When Joe Tekulve launched his high school lawn-mowing business 31 years ago, he probably didn’t anticipate that it would grow into one of the city’s premier landscaping businesses. From landscape installation and certified irrigation contracting to lighting, pavers and retaining walls, Joe and his crew of 35 (peak season) employees are the secret weapons behind some of the loveliest local lawns and gardens. Suffering from a bit of spring fever ourselves, we convinced Joe to flex his horticultural design know-how and double down on some surefire tips for both seasonal and long-term planting success.
Back to Basics
“The basics are the best because they’re proven in the area. There’s a lot of really cool plants out there, but they’re not all hardy in zone 6-7. I like to recommend spruce and maple trees, boxwoods, perennials, knockout roses and burning bush. Going off the grid can make it hard to keep them alive. Southern magnolias are beautiful, but several years ago many of them died around here during a harsh winter.”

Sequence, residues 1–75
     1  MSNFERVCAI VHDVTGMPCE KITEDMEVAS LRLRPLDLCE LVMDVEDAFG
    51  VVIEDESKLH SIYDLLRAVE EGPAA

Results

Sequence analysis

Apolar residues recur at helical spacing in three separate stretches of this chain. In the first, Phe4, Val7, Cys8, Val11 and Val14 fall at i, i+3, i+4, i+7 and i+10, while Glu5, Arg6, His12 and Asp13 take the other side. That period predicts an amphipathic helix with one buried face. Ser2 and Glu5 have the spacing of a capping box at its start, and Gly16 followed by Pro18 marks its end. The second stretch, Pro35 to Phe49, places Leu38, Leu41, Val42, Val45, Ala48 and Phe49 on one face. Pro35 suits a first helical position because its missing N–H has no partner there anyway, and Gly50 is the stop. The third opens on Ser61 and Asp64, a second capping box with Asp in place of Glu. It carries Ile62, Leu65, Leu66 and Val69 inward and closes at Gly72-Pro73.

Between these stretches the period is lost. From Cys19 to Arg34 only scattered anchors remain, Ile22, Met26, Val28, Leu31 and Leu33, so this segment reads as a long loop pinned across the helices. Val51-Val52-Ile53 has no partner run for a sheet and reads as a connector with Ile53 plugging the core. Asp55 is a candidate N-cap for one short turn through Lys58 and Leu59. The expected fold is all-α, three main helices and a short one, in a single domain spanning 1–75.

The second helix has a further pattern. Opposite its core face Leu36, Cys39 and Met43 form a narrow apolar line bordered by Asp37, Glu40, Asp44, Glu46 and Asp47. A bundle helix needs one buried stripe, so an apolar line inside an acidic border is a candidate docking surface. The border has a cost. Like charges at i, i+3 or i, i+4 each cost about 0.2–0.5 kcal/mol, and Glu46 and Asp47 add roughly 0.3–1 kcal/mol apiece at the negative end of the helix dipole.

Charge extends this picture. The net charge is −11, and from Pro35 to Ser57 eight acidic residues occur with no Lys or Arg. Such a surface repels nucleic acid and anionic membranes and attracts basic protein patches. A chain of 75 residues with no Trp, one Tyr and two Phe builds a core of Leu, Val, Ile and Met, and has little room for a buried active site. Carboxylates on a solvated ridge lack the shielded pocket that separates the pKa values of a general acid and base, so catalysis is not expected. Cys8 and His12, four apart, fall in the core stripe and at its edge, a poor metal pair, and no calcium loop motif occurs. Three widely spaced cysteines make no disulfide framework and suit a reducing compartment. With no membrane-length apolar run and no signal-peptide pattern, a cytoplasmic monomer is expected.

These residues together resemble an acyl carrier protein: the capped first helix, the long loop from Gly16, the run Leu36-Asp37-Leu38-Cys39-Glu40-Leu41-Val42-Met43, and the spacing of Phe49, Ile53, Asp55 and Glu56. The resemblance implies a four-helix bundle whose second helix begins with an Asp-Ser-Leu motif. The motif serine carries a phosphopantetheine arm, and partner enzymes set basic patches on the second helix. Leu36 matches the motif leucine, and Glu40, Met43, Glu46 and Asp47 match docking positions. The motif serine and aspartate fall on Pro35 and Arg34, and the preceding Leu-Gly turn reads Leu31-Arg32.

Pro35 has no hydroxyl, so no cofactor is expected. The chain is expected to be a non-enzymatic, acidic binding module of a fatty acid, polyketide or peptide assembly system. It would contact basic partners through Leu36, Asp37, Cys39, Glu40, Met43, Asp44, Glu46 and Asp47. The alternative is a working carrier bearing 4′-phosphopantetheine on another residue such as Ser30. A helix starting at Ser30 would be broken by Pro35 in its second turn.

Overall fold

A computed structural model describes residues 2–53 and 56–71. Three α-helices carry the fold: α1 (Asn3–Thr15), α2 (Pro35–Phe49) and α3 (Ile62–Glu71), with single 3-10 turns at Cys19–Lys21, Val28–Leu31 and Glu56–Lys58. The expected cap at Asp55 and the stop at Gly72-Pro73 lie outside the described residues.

Bulbs on a Budget
“I wish people would use more tulips and daffodils—they’re inexpensive and very hearty. The daffodils come back every year, but we tend to replant tulips annually.”
When adding landscape design for a brand-new home, Joe starts with foundation plantings.
“I’d go with boxwoods, Stella D’Oro daylilies and even birch trees because they are tall and thin. Getting out into the yard, I’d put in some shade trees—maples and oaks—and maybe some privacy screens using arborvitae or spruce trees. If the budget allows, I’d also add rock and outcropping; a decorative wall and lighting.”
When updating an older home, Joe recommends strategically removing plants.
“Renovation is underrated. Sometimes you need to rip stuff out and start over. A lot of foundation plants have a limit to their age. For example, sand cherries only last about 15-20 years. Other plants just won’t thrive after a while. Selectively ripping out the older plants can make the landscape look much fresher.”
“You’re always going to get a bigger impact with larger trees or plants. At Homearama, most of the winners put in really big plants. It’s important to invest in 3-inch caliper trees if you can,” Joe explains.
Paramount Landscaping, 8900 Glendale Milford Road, Loveland, 513.984.5200, ParamountLandscaping.com